Plate Boundaries By Brandon Butler

Divergent Boundary

Eyjafjallajökull is a volcano the erupted in 2010 in Iceland. About 20 countries closed air traffic, and it affected about 10 million travelers.

Divergent Boundaries make Volcanos, Mid-Ocean ridges, Faults, Earthquakes, and Rift Valleys.

Tension is the type of stress in a divergent boundary. Tension is where the plates pull apart from each other.

Convergent Boundary

In convergent boundaries the plates move towards each other, this is compression.

Mount St Helens was a volcano that erupted in 1980. Fifty-Seven people were killed. Many homes, bridges, and areas were destroyed in the eruption.

Convergent boundaries can form mountains, volcanos, trenches, and faults. They also have many earthquakes.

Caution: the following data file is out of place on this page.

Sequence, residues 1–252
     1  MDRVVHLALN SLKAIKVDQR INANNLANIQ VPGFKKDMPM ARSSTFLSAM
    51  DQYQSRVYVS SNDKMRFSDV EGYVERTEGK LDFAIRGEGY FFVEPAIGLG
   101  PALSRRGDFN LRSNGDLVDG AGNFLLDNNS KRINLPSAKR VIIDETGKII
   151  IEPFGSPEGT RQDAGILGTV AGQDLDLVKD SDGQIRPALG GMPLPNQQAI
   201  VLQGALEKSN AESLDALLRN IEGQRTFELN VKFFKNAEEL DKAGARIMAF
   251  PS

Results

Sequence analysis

Transform Boundary

Transform boundaries moves past each other makes shear stress. They rub and make earthquakes and faults.

A fault is the main landform a transform boundary makes. A fault happens when the plates start moving apart and happens very slowly. This can ruin roads and move rivers.

The largest earthquake in California was in the San Andreas Fault. Its magnitude was a 7.9 and happened in 1857. It offset stream channels by arounds 9 meters.

Credits:

Created with images by NASA Earth Observatory - "Pagan Island, Northern Marianas" • NOAA Photo Library - "expl2248" • Glyn Lowe Photoworks. - "Mid-Atlantic Ridge - Iceland" • pmlbird - "PML Convergent Boundary" • jeffgunn - "Mt. Saint Helens" • Jonas B - "Mountains" • pmlbird - "PML Transform Boundary" • tonynetone - "World's Most Famous Fault" • Michael R Perry - "San Andreas Fault (geotagged)"

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